Treatment options for peripheral vascular disease can also be helpful to reduce the risk of heart attack and stroke, as well as symptoms associated with diabetes. Doctors often recommend reaching an A1C goal of 7% or under. When heart disease is established then A1C numbers may be raised by your doctor to prevent hypoglycemia; episodes of hypoglycemia can increase the risk of heart attacks in certain cardiac patients. People are encouraged to be active daily. Walking can be done in intervals of 10-15 minutes after breakfast, lunch, and dinner for a total of 30-45 minutes daily. Lowering your blood pressure to under 140/80 is recommended. The DASH diet and exercise can reduce your blood pressure as well as trying to alleviate stress. Deep breathing, meditation, praying, yoga, and Tai Chi may help minimize the stress in your life. People with diabetes and heart issues should try to get their LDL cholesterol under 70. Avoid fried foods, such as French fries or fried chicken, packaged, bagged, boxed and processed foods. Broil, boil, steam, sauté, grill, or bake foods rather than frying them. Eat foods that are raw. Choose fresh fruit and vegetables, whole grains, lean meats and fish and low-fat dairy products. Special footwear may be recommended for people with peripheral vascular disease since their blood flow and sensation are reduced. You can consult a podiatrist for the safest shoe choice. Socks should be used to protect the feet from the shoes. Take proper care of your feet to avoid complications related to heart disease and diabetes. This includes washing them daily with lukewarm water, drying them gently and applying fragrance-free foot cream. Avoid cream in the area of the toes to prevent fungus. Cut toenails straight across or have a podiatrist do it for you. Use a mirror to check the bottoms of your feet daily for cuts, callouses, and sores. In advanced cases of peripheral vascular disease, medication and surgery would be recommended.
Prevention is better than Treatment and Cures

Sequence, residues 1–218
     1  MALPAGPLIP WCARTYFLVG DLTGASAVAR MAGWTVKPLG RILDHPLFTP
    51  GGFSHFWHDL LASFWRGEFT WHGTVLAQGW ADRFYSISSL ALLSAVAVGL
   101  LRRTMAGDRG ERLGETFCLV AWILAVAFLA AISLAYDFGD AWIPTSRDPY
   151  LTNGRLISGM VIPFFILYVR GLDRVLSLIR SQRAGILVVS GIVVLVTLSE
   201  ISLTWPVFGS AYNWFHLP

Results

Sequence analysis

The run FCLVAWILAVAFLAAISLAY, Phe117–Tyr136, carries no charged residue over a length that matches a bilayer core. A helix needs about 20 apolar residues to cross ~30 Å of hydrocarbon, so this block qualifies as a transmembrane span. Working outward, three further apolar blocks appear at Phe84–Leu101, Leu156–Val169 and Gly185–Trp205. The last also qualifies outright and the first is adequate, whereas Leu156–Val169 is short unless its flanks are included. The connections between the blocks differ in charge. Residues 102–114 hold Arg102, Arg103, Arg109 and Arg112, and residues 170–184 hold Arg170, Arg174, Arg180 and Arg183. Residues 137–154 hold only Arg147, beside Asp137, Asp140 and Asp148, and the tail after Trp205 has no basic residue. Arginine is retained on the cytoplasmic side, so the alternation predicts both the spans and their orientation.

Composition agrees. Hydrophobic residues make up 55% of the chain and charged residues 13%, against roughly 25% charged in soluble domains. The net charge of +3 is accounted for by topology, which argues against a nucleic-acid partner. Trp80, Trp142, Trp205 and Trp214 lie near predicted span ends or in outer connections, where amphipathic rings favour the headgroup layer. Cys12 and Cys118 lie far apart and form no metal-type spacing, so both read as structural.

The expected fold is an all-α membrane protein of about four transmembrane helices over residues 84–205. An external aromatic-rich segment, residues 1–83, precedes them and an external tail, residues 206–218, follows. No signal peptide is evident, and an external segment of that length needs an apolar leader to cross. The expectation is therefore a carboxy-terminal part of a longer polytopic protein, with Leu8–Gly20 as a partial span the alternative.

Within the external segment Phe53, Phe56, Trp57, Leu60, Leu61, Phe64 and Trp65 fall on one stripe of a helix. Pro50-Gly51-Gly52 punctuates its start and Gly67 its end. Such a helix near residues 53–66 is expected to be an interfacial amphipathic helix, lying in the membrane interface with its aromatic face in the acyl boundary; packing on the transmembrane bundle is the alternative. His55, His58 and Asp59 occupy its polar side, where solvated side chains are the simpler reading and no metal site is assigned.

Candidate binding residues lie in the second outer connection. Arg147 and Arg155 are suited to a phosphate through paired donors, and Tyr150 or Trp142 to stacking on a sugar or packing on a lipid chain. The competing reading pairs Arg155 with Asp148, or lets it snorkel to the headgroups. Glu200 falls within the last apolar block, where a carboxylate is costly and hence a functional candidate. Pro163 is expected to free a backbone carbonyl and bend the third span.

Preventing heart problems is the best way to avoid the complications associated with heart disease and diabetes. Quit if you smoke. Smokers have 2-4 times the risk than nonsmokers of developing heart disease. Consider going cold turkey, smoking cessation therapy, acupuncture, Chantix, support groups from the Lung Association or hypnosis to kick the habit. Cut down or eliminate alcohol which is empty calories. If you are overweight, losing just 5-10 percent of your total body weight can make a notable difference. Eat a well-balanced diet and exercise daily. Talk to a medical professional about the potential benefits of a heart-healthy diet, such as the Mediterranean diet or the DASH diet. Include fiber, such as raw vegetables and whole grains, in your daily diet. Add omega-3 fatty acids to your diet by eating fish such as salmon or tuna two or three times weekly. Ask your doctor about taking a fish oil supplement. Keep your blood sugar under control to help prevent heart problems. Check your blood sugar regularly and take diabetes medications as recommended by your health care team.
People with diabetes have a higher risk of heart disease and stroke, but that does not mean it is a predetermined condition. Lifestyle changes, a healthy diet, daily exercise, and regular medical examinations can help you manage diabetes and avoid heart problems. A few simple change can go a long way to living a longer, healthier life.